Flower Power in the vineyard
Our life with herbs, grasses and flowers
Green, yellow, brown and gray, lots of gray – these were once the colors of our vineyards. Tempi passati! In summer, all the vegetation growing and flowering between the rows of vines is heaven for the bees, butterflies and other inhabitants of the vineyards: the purple, white, blue, pink, orange and many, many shades of green are a beautiful sight – and for us a special delight.
This is what we are thinking as we sit on the terrace for lunch with the Goëss-Enzenberg family in Manincor. It is a day in early October, a day that fulfills all the promises that Alto Adige makes in autumn: an azure sky, a sun strong enough for short sleeves and gentle enough for radiant colors. There is a smell of soil in the air.
We are offered a bowl of nettle soup with a dab of whipped cream for starters, a herb risotto and nettle salad with roasted walnuts for the main course, and chestnut vermicelli as a dessert. As guests of the count’s family, the photographer and writer also get to enjoy the accompanying wines. The walnuts are from the tree in the courtyard, the herbs are homegrown, and the nettles were collected by Countess Sophie yesterday while walking the dog in the lower meadow.
With a contented feeling in our stomachs and a smile on our faces, we are ready to hear about all the things growing in the vineyards – in addition to the vines.
“If you let them, many plants grow by themselves, of course. The thing is that the flora in the vineyard is a reflection of the quality of the soil. Twenty years ago, there were dandelions here and not much else. That has changed in the meantime.”
Background. Herbs, their curative properties and their taste, are something Countess Sophie has always taken very seriously in providing for the family. Her first response to health problems is to alleviate the symptoms and effect a cure with the help of natural remedies.
“It was only logical to step out with the herbs from the family into the vineyard. Everything fell into place. Through biodynamics, we create the conditions the vines need for enhanced vitality and resilience. The crop cover is an essential element in the process.”
On this summer afternoon we are taking the same step. It’s only a short walk, but we take our time and look closely. Out of the general green, individual plants stand out if you only have the patience to look carefully enough. Countess Sophie is familiar with many of them and knows all about them.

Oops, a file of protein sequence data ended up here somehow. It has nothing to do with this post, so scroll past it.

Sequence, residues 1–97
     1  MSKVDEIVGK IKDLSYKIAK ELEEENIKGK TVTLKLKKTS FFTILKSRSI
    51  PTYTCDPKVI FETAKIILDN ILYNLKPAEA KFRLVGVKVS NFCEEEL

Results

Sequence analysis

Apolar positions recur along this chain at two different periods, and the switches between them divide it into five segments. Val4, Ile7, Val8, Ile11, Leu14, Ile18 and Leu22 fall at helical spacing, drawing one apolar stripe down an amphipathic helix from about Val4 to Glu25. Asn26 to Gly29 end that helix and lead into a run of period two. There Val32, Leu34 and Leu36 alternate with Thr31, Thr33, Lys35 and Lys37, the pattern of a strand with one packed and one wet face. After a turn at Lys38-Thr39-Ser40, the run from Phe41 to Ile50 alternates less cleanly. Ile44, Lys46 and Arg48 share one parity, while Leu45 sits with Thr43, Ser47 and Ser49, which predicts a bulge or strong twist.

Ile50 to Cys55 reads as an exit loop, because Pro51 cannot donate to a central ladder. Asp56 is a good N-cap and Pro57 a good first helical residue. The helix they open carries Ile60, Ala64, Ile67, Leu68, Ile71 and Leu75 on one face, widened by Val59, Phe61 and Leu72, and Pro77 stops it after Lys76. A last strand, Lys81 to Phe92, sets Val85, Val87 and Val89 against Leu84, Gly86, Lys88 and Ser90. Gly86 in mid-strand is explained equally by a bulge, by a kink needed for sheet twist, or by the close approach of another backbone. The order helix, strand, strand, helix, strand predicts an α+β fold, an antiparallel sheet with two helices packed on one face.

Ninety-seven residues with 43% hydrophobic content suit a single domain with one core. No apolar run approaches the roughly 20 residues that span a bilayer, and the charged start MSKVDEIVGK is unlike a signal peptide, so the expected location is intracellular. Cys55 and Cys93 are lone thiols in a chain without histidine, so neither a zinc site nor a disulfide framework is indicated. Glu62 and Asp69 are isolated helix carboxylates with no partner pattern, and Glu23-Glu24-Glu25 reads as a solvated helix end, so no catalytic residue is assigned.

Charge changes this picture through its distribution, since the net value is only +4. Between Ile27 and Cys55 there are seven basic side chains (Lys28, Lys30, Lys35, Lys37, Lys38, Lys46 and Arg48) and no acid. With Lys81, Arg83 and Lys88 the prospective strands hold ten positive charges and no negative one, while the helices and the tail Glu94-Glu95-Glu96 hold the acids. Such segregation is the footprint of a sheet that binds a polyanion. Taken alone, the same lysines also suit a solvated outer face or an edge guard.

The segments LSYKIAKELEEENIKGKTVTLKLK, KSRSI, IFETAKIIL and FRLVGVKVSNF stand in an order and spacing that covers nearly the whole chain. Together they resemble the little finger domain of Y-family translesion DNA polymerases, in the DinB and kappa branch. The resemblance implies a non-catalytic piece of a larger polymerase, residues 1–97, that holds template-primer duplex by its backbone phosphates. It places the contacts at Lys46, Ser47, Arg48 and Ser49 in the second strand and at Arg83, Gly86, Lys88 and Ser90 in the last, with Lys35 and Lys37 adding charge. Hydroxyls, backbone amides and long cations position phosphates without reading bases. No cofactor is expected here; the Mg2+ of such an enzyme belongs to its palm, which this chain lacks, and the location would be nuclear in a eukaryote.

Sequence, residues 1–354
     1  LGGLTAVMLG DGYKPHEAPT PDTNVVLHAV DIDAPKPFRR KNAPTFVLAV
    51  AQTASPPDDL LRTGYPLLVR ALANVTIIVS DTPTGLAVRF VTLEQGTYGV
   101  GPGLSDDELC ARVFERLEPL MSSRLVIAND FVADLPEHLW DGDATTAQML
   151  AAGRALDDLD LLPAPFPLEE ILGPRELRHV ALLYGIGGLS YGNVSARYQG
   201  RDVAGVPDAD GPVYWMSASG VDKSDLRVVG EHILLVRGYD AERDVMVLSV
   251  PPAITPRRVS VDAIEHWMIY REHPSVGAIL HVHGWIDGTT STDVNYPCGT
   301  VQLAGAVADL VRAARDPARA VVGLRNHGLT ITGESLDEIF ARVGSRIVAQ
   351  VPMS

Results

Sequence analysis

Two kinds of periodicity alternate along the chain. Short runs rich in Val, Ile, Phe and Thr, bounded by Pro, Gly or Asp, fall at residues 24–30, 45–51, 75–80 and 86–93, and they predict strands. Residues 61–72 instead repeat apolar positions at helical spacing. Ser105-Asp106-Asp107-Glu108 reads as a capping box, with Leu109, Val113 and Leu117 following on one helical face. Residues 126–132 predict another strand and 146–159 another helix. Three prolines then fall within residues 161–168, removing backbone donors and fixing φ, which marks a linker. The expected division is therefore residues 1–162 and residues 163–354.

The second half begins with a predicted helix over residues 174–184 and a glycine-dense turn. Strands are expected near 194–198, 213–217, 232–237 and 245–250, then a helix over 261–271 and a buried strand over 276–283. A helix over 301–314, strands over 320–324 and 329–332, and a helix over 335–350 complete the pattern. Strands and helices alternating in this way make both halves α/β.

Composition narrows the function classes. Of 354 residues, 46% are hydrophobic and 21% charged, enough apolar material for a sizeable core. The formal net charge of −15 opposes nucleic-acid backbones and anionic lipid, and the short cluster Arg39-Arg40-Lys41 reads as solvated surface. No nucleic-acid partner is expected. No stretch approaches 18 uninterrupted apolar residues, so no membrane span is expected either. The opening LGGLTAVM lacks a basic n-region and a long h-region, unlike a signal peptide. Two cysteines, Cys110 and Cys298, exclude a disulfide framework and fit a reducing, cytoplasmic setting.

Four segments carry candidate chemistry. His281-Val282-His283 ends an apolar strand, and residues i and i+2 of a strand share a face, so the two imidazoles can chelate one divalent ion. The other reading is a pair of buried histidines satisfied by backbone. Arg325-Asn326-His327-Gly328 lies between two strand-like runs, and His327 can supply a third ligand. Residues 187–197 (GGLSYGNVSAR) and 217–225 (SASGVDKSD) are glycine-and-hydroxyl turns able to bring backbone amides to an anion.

Spontaneous or planned? As adherents of biodynamics, we are convinced of the merits of natural spontaneity – as in the case of spontaneous fermentation of the wine in the cellar. Nevertheless, as a rule, the flora in the vineyard is not left to its own devices.
Spontaneous greening is sometimes practiced in the vineyard. Residual seeds in the soil and seeds carried into the vineyard by the wind, people and animals sprout when the conditions are ripe. But the plants involved are not necessarily good for the soil and the vines.
The other option is to produce crop cover through planned seeding. With the right choice of seeds, it is possible to improve soil structure and encourage rooting.
Organic soil management. There are plants with deep roots that create channels through the soil. When these plants wither, the fine root channels remain and water can seep far down into the soil. This is an advantage in the long hot summer months in our area around Lake Caldaro. Thundershowers are not much help because the root channels cannot take so much water and most of it is lost to run-off.
Vineyard crop cover is made up of plants of varying heights. The shade they provide protects the soil from drying out. They also reduce soil erosion. Highly active microbes and symbiotic diversity in the root zone enable the vines to tap mineral nutrients more efficiently.
Flora and fauna. A strip of green and flowers between the rows of vines provides a habitat for insects and all kinds of soil organisms. Biodiversity is one of the foundations of biodynamic working. The more species that live in the vineyard, the greater the protection against possible pests or pathogens – good for the vines, good for the wine.
“After the harvest in the fall, we loosen the soil and sow a seed mix in every second lane between the vines. The other lanes receive the same treatment the following year, so that alternate lanes can always be used for access.”